Friday, March 6, 2015

Review: The Arden's "Charlotte's Web"

Children's theater often relies on an awful lot of bells and whistles. What a treasure then, says critic Wendy Rosenfield, when a classic story meets wonderful performances and creates that magic all on its own.

Review: The Arden's "Charlotte's Web"

By Wendy Rosenfield

Since its publication in 1952, E.B. White’s Charlotte’s Web may have been more responsible for furthering the cause of animal rights, or at least vegetarianism, than Animal Liberation Front and Diet for a Small Planet combined. The Arden Children’s Theatre understands its audience’s deep attachment to humble runt-of-the-litter Wilbur, spider scribe Charlotte, and their barnyard friends’ campaign to save Wilbur’s bacon, and honors these sensitive, sweet characters with a saccharine-free production.

Many parents will recall the story’s 1973 animated version, with Paul Lynde as Templeton the rat, singing about the state fair’s veritable smorgasbord-orgasbord-orgasbord. While Joseph Robinette’s adaptation leaves room for music, it’s of a subtler sort. As designed by Christopher Colucci, the cast members stroll the set under David P. Gordon’s wooden barn frame, strumming and humming some bluegrass (Charlie DelMarcelle on guitar and harmonica) or piping a few magical notes on a flute (Sarah Gliko’s Charlotte). Drew Billiau’s lighting is all bright summer days, and proving this is a show that celebrates all the sensory experiences central to young (and old) life, director Whit MacLaughlin sends his cast out into the house, waving fans doused in lavender oil.

The reverse also occurs, with young audience members taking part in the onstage action. Give a kid an inflatable mallet, tell him he’s  at the fair playing Whac-a-Mole with actors’ heads, and that bit alone is worth the price of admission. With so much running through the aisles and good humor, there’s an informality to this production that helps soften its heavier themes of life and death on the farm. The ensemble juggles multiple roles with cheer and friendly smiles, and if Charlotte carries the greatest burden, Gliko allows her to carry it gracefully, without sentimentality.

Rosemarie McKelvey’s costumes don’t carry pretensions, either. Aubie Merrylees’ gentle Wilbur doesn’t wear a pig suit —  he’s a wide-eyed boy in a pink and cream flannel shirt, suspenders holding up his baggy pants. Anthony Lawton’s surly Templeton swaggers like a New Hope biker, in leather duster, tank top, jeans, wool cap, motorcycle boots, and sunglasses with red lenses. These are people dressed like people, and yet one of my young companions noted, “Wilbur looks just like a piglet!”

Children’s theater often relies on an awful lot of bells and whistles. What a treasure then, when a classic story meets wonderful performances and creates that magic all on its own.

Playing at Arden Theatre Company, 40 N. Second St., through  Jan. 29. Tickets: $16 to $32. Information: 215-922-1122 or


About this blog

Toby Zinman's night job since 2006 is theater critic for the Inquirer where she reviews New York and London as well as Philadelphia. Her day job: Prize-winning prof at UArts, author of five books about modern and contemporary drama, and doer of scholarly deeds (winner of five NEH grants, Fulbright lecturer at Tel Aviv University, visiting professor in China). She was recently named by American Theatre magazine "one of the twelve most influential critics in America."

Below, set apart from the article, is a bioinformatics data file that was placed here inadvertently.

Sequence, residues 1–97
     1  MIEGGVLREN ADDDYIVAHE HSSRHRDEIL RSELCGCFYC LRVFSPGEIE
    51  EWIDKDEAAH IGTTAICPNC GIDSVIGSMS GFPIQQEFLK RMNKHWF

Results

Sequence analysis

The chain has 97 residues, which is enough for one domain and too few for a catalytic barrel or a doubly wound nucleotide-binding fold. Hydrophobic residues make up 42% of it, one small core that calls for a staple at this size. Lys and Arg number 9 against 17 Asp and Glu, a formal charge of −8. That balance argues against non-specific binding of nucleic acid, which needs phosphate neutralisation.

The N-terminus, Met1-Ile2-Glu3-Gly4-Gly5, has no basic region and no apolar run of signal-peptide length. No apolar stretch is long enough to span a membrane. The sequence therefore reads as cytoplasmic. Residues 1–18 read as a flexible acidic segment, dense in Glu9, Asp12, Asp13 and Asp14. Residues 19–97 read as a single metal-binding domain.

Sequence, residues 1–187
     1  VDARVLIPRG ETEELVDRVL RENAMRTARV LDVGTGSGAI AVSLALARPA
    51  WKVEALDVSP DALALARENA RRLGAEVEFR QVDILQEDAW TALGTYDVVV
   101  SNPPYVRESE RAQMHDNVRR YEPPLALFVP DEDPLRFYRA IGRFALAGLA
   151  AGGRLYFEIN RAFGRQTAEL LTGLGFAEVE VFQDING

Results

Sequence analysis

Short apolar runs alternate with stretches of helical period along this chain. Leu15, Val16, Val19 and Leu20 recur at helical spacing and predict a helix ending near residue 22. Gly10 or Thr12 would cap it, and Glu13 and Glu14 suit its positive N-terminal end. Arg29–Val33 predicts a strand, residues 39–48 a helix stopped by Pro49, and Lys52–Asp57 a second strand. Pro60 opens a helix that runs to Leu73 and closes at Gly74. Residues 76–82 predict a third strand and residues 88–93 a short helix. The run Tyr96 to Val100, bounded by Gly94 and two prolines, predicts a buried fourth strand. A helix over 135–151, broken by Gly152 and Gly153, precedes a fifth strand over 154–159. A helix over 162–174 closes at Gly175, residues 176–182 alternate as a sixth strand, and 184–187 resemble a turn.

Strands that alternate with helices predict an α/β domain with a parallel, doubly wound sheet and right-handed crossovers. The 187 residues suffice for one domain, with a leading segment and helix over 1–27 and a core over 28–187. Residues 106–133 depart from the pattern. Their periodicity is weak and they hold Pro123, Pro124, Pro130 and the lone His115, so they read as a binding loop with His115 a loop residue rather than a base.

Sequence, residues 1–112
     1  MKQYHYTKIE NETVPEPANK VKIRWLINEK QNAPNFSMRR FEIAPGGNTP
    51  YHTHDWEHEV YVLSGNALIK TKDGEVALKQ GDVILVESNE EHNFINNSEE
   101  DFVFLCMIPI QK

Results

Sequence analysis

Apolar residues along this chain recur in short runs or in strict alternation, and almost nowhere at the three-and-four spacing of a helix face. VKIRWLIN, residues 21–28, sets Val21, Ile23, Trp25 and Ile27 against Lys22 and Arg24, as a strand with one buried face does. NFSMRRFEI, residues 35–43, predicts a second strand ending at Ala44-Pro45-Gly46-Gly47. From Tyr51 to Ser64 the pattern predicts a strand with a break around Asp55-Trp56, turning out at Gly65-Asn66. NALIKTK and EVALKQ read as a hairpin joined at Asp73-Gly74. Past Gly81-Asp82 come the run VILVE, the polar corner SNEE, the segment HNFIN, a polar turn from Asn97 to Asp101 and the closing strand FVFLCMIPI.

Wendy Rosenfield has written freelance features and theater reviews for The Inquirer since 2006. She was theater critic for the Philadelphia Weekly from 1995 to 2001, after which she enjoyed a five-year baby-raising sabbatical. She serves on the board of the American Theatre Critics Association, was a participant in the Bennington Writer's Workshop, a 2008 NEA/USC Fellow in Theater and Musical Theater, and twice was guest critic for the Kennedy Center American College Theater Festival's Region II National Critics Institute. She received her B.A. from Bennington College and her M.L.A. from the University of Pennsylvania. She also is a fiction writer, was proofreader to a swami, publications editor for the Women's International League for Peace and Freedom, and spends all her free time working out and driving people places. Follow her on Twitter @WendyRosenfield.

Jim Rutter has reviewed theater for The Inquirer since September, 2011. Since 2006, he covered dance, theater and opera for the Broad Street Review, and has also written for many suburban newspapers, including The Main Line Times. In 2009, the National Endowment for the Arts awarded him a Fellowship in Arts Journalism. Thames & Hudson released his updated and revised version of Ballet and Modern Dance in June, 2012. From 1998 to 2005, he taught philosophy and logic at Drexel, and then Widener University. He also coaches Olympic Weightlifting for Liberty Barbell, and has competed at the national level in that sport since 2001.

Merilyn Jackson regularly writes on dance for The Inquirer and other publications. She specializes in the arts, literature, food, travel, and Eastern European culture and politics. In 2001, she was dance critic in residence at the Festival of Contemporary Dance in Bytom, Poland; in 2005, she received an NEA Critics’ Fellowship to Duke University’s Institute for Dance Criticism. She likes to say that dance was her first love but that when she discovered writing she began to cheat on dance. Now that she writes about dance, she’s made an honest woman of herself, although she also writes poetry.

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